Please note: As of January 20, 2021, information in some news releases may be out of date or not reflect current policies.
Florida Dept. of Corrections to pay 294 health care workers more than $723K in back wages after failing to pay overtime
Employer name: Florida Dept. of Corrections
Investigation site: Prison health units throughout the State of Florida
Investigation findings: Investigators from the department's Wage and Hour Division's Jacksonville District Office found that the Florida Dept. of Corrections violated the overtime provisions of Fair Labor Standards Act. Specifically, the employer failed to pay overtime when some health care workers, such as certified nursing assistants and licensed practical nurse, worked 40 hours for the state and then picked up extra shifts at the same or different prison health care units through one of the prison system's temporary staffing agencies. Some employees worked more than 40 hours at one or more of the prison's facilities through multiple temporary agencies and were not paid overtime.
The health care workers were paid straight time rates for all the hours they worked, instead of receiving time and one half for hours worked beyond 40 in a week, as the law requires. Because the State of Florida was a joint employer with the staffing agencies the state is responsible for paying for all hours worked.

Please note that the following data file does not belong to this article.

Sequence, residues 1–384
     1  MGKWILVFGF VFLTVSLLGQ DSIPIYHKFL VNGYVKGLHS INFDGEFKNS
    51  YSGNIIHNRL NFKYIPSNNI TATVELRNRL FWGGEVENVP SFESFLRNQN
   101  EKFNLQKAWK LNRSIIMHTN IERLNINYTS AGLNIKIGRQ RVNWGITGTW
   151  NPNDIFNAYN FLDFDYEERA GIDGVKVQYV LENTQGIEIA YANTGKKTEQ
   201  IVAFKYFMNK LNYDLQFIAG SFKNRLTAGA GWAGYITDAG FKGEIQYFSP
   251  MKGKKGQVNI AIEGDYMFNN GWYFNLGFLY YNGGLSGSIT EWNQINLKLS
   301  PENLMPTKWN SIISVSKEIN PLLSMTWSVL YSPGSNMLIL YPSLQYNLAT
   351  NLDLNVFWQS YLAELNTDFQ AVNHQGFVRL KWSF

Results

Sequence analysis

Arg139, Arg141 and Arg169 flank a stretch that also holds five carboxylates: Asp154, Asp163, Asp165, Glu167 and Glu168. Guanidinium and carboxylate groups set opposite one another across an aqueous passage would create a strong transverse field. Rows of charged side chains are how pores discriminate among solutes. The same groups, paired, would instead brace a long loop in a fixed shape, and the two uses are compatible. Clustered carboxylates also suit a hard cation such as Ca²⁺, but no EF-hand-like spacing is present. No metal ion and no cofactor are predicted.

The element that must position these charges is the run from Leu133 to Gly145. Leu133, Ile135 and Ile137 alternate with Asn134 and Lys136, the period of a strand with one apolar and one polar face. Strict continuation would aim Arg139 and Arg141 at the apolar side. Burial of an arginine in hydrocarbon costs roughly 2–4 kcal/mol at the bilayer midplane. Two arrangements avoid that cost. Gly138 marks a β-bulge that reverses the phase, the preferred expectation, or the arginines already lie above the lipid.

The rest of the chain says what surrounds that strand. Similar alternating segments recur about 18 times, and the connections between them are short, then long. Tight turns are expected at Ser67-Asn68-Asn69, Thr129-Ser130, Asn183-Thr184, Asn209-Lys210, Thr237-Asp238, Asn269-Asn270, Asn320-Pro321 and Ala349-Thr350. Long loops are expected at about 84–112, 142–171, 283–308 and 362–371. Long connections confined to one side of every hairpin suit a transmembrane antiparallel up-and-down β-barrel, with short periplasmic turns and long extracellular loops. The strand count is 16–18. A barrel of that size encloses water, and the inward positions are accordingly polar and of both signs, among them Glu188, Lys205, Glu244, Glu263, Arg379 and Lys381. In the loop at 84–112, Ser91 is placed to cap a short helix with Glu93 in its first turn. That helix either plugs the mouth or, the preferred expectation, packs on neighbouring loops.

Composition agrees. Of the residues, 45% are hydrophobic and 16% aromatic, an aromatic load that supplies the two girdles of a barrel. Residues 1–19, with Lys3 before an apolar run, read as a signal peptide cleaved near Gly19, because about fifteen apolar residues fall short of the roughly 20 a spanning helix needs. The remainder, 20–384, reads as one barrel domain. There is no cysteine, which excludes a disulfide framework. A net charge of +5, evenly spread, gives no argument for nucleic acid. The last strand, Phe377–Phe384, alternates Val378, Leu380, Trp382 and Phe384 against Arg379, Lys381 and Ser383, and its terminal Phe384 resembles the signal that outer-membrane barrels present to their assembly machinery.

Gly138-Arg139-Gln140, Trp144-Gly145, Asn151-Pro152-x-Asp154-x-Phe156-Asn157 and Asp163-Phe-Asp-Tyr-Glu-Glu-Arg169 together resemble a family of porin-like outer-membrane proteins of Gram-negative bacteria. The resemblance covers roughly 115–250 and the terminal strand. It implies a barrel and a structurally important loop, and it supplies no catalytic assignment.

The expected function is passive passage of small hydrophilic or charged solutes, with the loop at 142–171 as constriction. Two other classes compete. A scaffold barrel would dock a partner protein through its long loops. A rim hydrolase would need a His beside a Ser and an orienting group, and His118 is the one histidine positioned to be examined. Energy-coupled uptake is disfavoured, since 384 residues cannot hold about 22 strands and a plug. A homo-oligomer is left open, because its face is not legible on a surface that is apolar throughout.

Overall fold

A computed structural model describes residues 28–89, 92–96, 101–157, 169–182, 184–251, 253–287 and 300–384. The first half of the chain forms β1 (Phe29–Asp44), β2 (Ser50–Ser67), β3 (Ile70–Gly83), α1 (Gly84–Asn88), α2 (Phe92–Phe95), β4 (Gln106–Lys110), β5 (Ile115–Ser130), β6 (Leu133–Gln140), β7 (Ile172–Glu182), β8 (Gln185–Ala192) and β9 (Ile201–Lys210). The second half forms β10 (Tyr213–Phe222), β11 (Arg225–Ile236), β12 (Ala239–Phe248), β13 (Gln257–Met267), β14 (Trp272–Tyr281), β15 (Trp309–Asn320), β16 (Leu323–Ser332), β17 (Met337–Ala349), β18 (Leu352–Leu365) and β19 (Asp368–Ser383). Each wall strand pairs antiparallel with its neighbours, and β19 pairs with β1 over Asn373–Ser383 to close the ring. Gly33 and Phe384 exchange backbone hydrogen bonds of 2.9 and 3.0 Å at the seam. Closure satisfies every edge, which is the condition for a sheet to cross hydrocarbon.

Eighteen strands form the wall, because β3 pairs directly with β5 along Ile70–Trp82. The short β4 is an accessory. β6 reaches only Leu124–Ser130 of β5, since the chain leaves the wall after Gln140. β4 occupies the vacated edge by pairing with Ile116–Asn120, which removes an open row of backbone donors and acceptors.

Resolution: The employer has agreed to future compliance with the FLSA and will pay 294 health care workers $723,340 in back wages. Additionally, the employer will inform all of its contractors that they are required to be in compliance with state and federal law, including the FLSA; contractors are not to utilize health care workers for more than 40 hours per week without paying them time and one half their regular rates; and hours worked by an employee at different facilities operated by the state in the same workweek will be combined for the purposes of determining when overtime is due.
Quote: "Generally, when you work for an employer directly, then also perform work for that same employer through a temporary staffing provider, all your hours count together toward overtime. These hard-working health care workers were shorted the overtime they had rightly earned," said Wayne Kotowski, the Wage and Hour Division's regional administrator in Atlanta. "The department will continue its efforts to ensure workers receive a fair day's pay for a fair day's work, and to maintain a level playing field for those businesses that are following the rules."